Ireland's first co-housing project under way

Ireland's first co-housing project under way

The country’s first co-housing project, where residents repay one common loan on, and own shares in, an estate, is under way in Co Wicklow.

Called Common Ground Co-Housing, a group of people are coming together to form a company, locate a site, and access funding in order to build a community of 25 individual homes as well as a common house with gardens and allotments.

They are replicating a successful project called Lilac (low impact living affordable community) in Leeds, where 20 people currently live. The homes, built in 2012 and 2013, and land are managed by the residents, through what is known as a mutual home ownership society, a pioneering financial model and legal structure.

Deb Davis, a founding member of the housing group, said:

“We have been together now since September 2018. Our governance is sociocracy, which is where we are all equal. We are now a committed bunch of 33 people, about 25 households, with around 20 kids, so about a community of 53.

What Common Ground Co-Housing would be getting would be one big loan. We won’t be getting separate mortgages, so there won’t be 25 mortgages. It’ll be a monthly payment and it’ll be a third of your income.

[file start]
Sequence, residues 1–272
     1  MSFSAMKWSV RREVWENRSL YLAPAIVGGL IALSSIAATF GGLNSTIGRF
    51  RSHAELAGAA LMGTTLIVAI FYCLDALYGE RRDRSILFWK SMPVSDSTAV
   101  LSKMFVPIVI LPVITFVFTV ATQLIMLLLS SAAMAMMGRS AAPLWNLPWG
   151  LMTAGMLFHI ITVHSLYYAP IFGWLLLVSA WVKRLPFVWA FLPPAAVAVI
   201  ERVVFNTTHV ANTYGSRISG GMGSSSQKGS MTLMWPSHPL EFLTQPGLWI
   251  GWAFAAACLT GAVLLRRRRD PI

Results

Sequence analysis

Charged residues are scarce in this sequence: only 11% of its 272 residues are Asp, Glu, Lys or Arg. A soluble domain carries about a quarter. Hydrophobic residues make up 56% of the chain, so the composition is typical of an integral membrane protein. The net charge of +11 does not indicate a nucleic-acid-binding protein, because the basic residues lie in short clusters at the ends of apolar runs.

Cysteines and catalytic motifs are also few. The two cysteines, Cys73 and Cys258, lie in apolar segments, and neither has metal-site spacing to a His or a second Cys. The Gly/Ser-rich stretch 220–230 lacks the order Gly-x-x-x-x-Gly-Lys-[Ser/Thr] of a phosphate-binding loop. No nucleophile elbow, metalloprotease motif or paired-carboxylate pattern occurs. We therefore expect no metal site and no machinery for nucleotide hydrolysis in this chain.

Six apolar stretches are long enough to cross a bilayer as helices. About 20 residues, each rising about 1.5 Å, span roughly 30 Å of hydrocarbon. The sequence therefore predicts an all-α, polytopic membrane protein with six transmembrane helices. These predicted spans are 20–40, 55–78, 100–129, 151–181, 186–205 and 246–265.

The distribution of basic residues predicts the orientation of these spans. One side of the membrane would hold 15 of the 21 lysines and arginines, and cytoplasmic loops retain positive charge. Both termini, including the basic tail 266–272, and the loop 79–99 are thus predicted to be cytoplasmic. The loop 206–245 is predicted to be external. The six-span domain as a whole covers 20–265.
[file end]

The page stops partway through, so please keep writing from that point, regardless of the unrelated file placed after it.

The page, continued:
Hugh Brennan, CEO of Ó Cualann, an approved housing body that develops affordable co-operative housing in Ireland, said the Common Ground Co-Housing model would be the “first of its kind” in the country.

“This type of cohousing project will be a first — it’s shared ownership,” said Mr Brennan.

“Common Ground is a great model — they have a smallish group of people and their model is different. Their co-op will own the land, they’ll pay a share. It won’t be owner-occupied.

“It’s a great scheme if you can get it funded, but they will need to get it funded, that’s not a criticism. The criticism is that funding does not exist like that in Ireland at the moment.”

Ms Davis said they are already in negotiations with a bank.

“We’ve told everyone who’s part of this that we need 10% of the build cost, so that would be, let’s keep it simple, around €20,000 per household,” she said. “So that already is in and around €500,000 in cash they’re bringing to the party.”

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